According to page 158 of Andreas Gathmann's notes on Algebraic Geometry, http://www.mathematik.uni-kl.de/~gathmann/class/alggeom-2002/main.pdf, if we have some projective plane curve $X$ defined by an homogeneous equation of degree $d$ with coordinates $x_0,x_1,x_2$ not containing the point $(0:0:1)$, it states that $$H^1(X,\mathcal{O}_X)=\left\{\dfrac{x_2^i}{x_0^jx_1^k}:0\le i \le d-1 , j > 0,k > 0, \textrm{ and }i=j+k\right\}$$ and that the arithmetic genus is $\displaystyle{\dfrac{(d-1)(d-2)}{2}}$.

In general, how would one go about finding $H^1(X,\mathcal{O}_X)$ if $X$ is not defined by the equation of a curve (for example, say I want to find $H^1(X,\mathcal{O}_X)$ for the smooth projective model of the singular affine curve $y^2=x^4+x^5$)?

If we let $\bar{X}$ be the smooth projective model of $X$, can we use $H^1(X,\mathcal{O}_X)$ to find a basis for $H^1(\bar{X},\mathcal{O}_\bar{X})$? I suspect such a basis should be a subset of the basis of $H^1(X,\mathcal{O}_X)$, but I'm not too sure.


2 Answers 2


In a sense $H^i(X, \mathcal O_X)$ only computes "arithmetical information" about $X$, meaning that it doesn't care whether the curve is singular (even reducible). If $X$ is a projective hypersurface (or a curve), all that matters is the degree of the defining equation. In some sense, $H^i(X,\mathcal O_X)$ captures the combinatorics of the defining equations.

What you're asking about is how to compute $H^1(X, \mathcal O_X)$ when $X$ is the desingularization of a singular curve. In general it is hard to use Cech cohomology to do this, but there are formulas relating the geni of singular curves with their resolutions. They depend on the number of singularities and of which kind they are.

In this case, the homogenization of the equation is $z^3y^2=x^4z+x^5$. By using the Jacobian criterion, we find that the projectivization has two singularities. One at the origin, and one at infinity.

Then there is a formula saying that $$ g = \frac{(d-1)(d-2)}{2} - \delta_0 -\delta_\infty, $$ where the $\delta_i$ are the "delta invariants", see this MathOverflow answer for more details. What we need to know, is that $\mu=2 \delta-b+1$, where $\mu$ is the Milnor number of the singularity and $b$ is the number of branches. This formula is known as the Milnor-Jung formula.

The Milnor number can be computed by the formula $$ \dim_{\mathbb C} \mathbb C[[x,y]]/(f_x,f_y), $$ where $f_x,f_y$ are the partials of the defining local equation. The number $b$ of branches is the number of irreducible components of $f$ in the completion $\mathbb C[[x,y]]$.

So let us compute these numbers for the two singularities. For the singularity at the origin, the local equation is $y^2-x^4-x^5=0$. But notice that $y^2=x^4(1+x)$. Near the origin, the term $1+x$ is a unit, so that in the local ring we can divide by $1+x$. Hence the singularity locally looks like $y^2-x^4=(y-x^2)(y+x^2)$. Since $f_x=-4x^3$ and $f_y=2y$, the Milnor number is easily seen to be $3$. By the factorization, the number of branches is $2$. Hence by the Milnor-Jung formula, we have $3=2\delta_0-2+1$, so that $\delta_0=2$.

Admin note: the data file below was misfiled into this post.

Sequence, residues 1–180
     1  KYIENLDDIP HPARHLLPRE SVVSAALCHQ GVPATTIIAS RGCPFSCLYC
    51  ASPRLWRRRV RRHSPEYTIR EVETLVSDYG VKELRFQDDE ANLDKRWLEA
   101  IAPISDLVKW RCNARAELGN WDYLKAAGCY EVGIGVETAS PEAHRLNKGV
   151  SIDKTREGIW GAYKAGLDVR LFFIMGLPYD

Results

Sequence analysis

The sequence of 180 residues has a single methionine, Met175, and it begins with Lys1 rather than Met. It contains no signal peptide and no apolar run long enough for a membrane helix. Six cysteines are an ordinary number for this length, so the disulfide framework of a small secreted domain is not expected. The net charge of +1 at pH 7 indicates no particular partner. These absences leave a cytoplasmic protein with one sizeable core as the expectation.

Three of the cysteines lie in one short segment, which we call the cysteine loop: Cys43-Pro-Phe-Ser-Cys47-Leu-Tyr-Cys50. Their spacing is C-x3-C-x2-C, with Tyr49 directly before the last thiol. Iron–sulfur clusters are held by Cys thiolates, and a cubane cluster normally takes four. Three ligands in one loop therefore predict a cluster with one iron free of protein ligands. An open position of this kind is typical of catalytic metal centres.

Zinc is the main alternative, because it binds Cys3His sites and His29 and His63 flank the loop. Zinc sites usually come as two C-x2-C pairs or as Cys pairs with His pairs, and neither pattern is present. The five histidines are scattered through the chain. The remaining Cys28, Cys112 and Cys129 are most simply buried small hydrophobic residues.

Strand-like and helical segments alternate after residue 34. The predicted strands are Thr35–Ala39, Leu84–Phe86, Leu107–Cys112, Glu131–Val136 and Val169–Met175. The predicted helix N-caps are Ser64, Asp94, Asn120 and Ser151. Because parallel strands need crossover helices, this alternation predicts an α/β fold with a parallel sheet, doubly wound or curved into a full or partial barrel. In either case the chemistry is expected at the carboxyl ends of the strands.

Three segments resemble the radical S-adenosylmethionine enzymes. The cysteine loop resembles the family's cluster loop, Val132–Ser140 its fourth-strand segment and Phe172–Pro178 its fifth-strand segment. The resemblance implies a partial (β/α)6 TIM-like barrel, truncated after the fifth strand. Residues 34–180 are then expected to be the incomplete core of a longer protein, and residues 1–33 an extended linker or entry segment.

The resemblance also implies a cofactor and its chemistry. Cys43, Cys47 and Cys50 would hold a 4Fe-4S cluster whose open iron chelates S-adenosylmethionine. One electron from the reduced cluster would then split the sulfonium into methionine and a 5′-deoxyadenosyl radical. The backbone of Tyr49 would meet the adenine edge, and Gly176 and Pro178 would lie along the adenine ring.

To compute $\delta_\infty$, we use the equation $z^3=x^4z+x^5$. This is much harder to do directly, so I used another definition of $\delta$ instead: it is the length of the module $\mathcal O_{\overline X,0}/\mathcal O_{X,0}$, wher the first ring is the local ring of the normalization of the curve at the singularity. This can be computed with Macaulay2 by finding the integral closure. Then one counts which basis elements come from the singular ring. In this case, we find that the degree is $\delta_\infty = 4$.

Hence $g=6-2-4=0$ (as can be confirmed by using Maple for example).

  • $\begingroup$ If I'm not mistaken, you're saying that $H^1(X,\mathcal{O}_X)$ doesn't "care" whether the curve is singular or not, so $H^1(X,\mathcal{O}_X)$ should be the same as $H^1(\bar{X},\mathcal{O}_\bar{X})$. Does this mean that the dimension of $H^1(X,\mathcal{O}_X)$ is always of the form $\dfrac{(d-1)(d-2)}{2}$ (if $X$ corresponds to any projective planar curve)? $\endgroup$
    – whetham
    Aug 3, 2016 at 14:53
  • 2
    $\begingroup$ @whetham The answer to second question is "yes" (the genus-degree formula always holds). However, $H^1(X,\mathcal O_X)$ is not necessarily the same as $H^1(\overline X, \mathcal O_{\overline X})$. If $X$ is a cusp, then $H^1=1$, but its normalization is a rational curve, so $H^1=0$. $\endgroup$ Aug 3, 2016 at 15:17

Let $\overline{X}$ be the normalization of $X$, and let $\pi: \overline{X} \to X$ be the natural map. This map is finite, hence both proper and affine, and so $\pi_*\mathcal O_{\overline{X}}$ is a coherent sheaf of algebras on $X$, which I'll denote by $\mathcal A$. The general theory of affine morphisms shows that we may recover $\overline{X}$ as the relative Spec of $\mathcal A$ over $X$, and also that $H^1(\overline{X}, \mathcal O_{\overline{X}}) = H^1(X,\mathcal A)$.

Thus we may restrict attention to $\mathcal A$. Somewhat more intrinsically, the sections of $\mathcal A$ over an open subset $U$ of $X$ will be the normalization of $\mathcal O_X(U)$ in $K(X)$.

There is a short exact sequence $0 \to \mathcal O_X \to \mathcal A \to \Delta \to 0,$ where $\Delta$ is a sum of sky-scraper sheaves living at the various singular points of $X$. In particular, the higher cohomology of $\Delta$ vanishes, and so there is a surjection $$H^1(X,\mathcal{O}_X) \to H^1(X,\mathcal A)$$ (rather than an inclusion in the opposite direction, as you had guessed), whose kernel is equal to $H^0(\Delta)$.

Computing $\Delta$ is a local problem around the singular points, and the length of the sky-scraper at a singular point $P$ depends on how bad the singularity at $P$ is.


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